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Effect of smoking and comorbidities on survival in idiopathic pulmonary fibrosis

Overview of attention for article published in Respiratory Research, August 2017
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About this Attention Score

  • In the top 25% of all research outputs scored by Altmetric
  • High Attention Score compared to outputs of the same age (82nd percentile)
  • High Attention Score compared to outputs of the same age and source (80th percentile)

Mentioned by

news
1 news outlet
twitter
3 tweeters

Citations

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29 Dimensions

Readers on

mendeley
53 Mendeley
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Title
Effect of smoking and comorbidities on survival in idiopathic pulmonary fibrosis
Published in
Respiratory Research, August 2017
DOI 10.1186/s12931-017-0642-6
Pubmed ID
Authors

Miia Kärkkäinen, Hannu-Pekka Kettunen, Hanna Nurmi, Tuomas Selander, Minna Purokivi, Riitta Kaarteenaho

Abstract

Cigarette smoking has been associated with the risk of idiopathic pulmonary fibrosis (IPF). Certain comorbidities have been associated with reduced survival although some studies have indicated that current smokers have a longer survival than ex-smokers. Comorbidities in relation to smoking history have not been previously analyzed. Retrospective data was collected and patients were categorized according to gender and smoking habits. Comorbidities and medications were collected. Predictive values for mortality were identified by COX proportional hazard analyses. We examined 45 non-smokers (53.3% female), 66 ex-smokers (9.1% female) and 17 current smokers (17.6% female) with IPF. Current smokers were younger at baseline (58.1 ± 8.74 years) compared to non-smokers (71.4 ± 8.74, p < 0.001) and ex-smokers (72.5 ±7.95, p <0.001). Median survival of non-smokers and current smokers was longer (55.0 and 52.0 months, respectively) than that of ex-smokers (36.0 months) (p=0.028 and 0.034, respectively). In age and severity adjusted analyses, smoking was not related to survival. Cardiovascular diseases (CVD) (72.7 %) were the most common comorbidities, current smokers had more chronic obstructive pulmonary disease (COPD) and lung cancer compared to ex-smokers (p<0.001). CVD, COPD and use of insulin were related to poorer survival in adjusted analyses. Smoking seems to influence the course of disease in IPF since current smokers developed the disease at a younger age in comparison to non-smokers and ex-smokers. No significant differences in the major comorbidities were detected between IPF patients with different smoking histories. The mechanism through which smoking influences IPF progression requires further investigation.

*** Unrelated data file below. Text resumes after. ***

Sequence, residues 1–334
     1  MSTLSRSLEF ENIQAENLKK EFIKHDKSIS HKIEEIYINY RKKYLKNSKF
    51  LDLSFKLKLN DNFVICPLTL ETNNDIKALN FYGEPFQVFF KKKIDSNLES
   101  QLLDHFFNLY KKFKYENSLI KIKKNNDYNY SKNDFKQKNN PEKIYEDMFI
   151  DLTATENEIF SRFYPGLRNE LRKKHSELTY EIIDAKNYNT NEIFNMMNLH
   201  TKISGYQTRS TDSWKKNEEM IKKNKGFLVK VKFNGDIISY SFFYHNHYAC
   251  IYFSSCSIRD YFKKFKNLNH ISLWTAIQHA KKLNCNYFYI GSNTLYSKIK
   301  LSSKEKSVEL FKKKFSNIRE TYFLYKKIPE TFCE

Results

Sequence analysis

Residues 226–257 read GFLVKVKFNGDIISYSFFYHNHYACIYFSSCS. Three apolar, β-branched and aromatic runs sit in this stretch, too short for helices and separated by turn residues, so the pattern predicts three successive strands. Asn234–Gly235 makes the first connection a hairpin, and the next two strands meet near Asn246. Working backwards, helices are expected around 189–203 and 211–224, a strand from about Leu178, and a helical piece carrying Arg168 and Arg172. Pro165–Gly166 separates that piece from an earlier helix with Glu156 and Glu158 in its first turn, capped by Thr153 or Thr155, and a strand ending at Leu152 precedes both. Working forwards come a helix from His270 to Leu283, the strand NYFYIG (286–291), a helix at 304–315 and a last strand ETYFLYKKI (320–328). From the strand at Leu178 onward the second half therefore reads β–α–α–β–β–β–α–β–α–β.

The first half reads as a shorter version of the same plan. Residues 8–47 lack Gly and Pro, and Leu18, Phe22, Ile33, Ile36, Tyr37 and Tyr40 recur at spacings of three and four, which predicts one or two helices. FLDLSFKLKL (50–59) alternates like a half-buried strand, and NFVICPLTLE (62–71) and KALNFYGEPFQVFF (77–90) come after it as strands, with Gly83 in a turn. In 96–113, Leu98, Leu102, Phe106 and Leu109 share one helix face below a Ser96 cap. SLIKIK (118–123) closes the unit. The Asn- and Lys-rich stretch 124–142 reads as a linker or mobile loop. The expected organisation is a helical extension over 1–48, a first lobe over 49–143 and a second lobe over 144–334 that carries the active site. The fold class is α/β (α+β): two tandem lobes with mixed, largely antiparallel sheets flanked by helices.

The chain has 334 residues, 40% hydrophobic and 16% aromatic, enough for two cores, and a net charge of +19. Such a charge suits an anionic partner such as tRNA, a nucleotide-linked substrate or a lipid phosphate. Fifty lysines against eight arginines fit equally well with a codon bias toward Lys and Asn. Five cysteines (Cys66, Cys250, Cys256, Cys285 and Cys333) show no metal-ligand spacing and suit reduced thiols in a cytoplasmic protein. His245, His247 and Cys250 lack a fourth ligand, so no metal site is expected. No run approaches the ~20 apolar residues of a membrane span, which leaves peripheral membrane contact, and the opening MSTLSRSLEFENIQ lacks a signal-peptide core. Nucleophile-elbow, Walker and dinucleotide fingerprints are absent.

Twitter Demographics

The data shown below were collected from the profiles of 3 tweeters who shared this research output. Click here to find out more about how the information was compiled.

Mendeley readers

The data shown below were compiled from readership statistics for 53 Mendeley readers of this research output. Click here to see the associated Mendeley record.

Geographical breakdown

Country Count As %
Unknown 53 100%

Demographic breakdown

Readers by professional status Count As %
Researcher 9 17%
Student > Bachelor 8 15%
Student > Ph. D. Student 6 11%
Student > Master 6 11%
Student > Doctoral Student 5 9%
Other 9 17%
Unknown 10 19%
Readers by discipline Count As %
Medicine and Dentistry 20 38%
Pharmacology, Toxicology and Pharmaceutical Science 6 11%
Agricultural and Biological Sciences 4 8%
Biochemistry, Genetics and Molecular Biology 4 8%
Computer Science 2 4%
Other 4 8%
Unknown 13 25%

Attention Score in Context

This research output has an Altmetric Attention Score of 10. This is our high-level measure of the quality and quantity of online attention that it has received. This Attention Score, as well as the ranking and number of research outputs shown below, was calculated when the research output was last mentioned on 06 September 2017.
All research outputs
#1,179,416
of 11,717,557 outputs
Outputs from Respiratory Research
#121
of 1,328 outputs
Outputs of similar age
#45,123
of 264,461 outputs
Outputs of similar age from Respiratory Research
#8
of 42 outputs
Altmetric has tracked 11,717,557 research outputs across all sources so far. Compared to these this one has done well and is in the 89th percentile: it's in the top 25% of all research outputs ever tracked by Altmetric.
So far Altmetric has tracked 1,328 research outputs from this source. They typically receive a little more attention than average, with a mean Attention Score of 5.0. This one has done particularly well, scoring higher than 90% of its peers.
Older research outputs will score higher simply because they've had more time to accumulate mentions. To account for age we can compare this Altmetric Attention Score to the 264,461 tracked outputs that were published within six weeks on either side of this one in any source. This one has done well, scoring higher than 82% of its contemporaries.
We're also able to compare this research output to 42 others from the same source and published within six weeks on either side of this one. This one has done well, scoring higher than 80% of its contemporaries.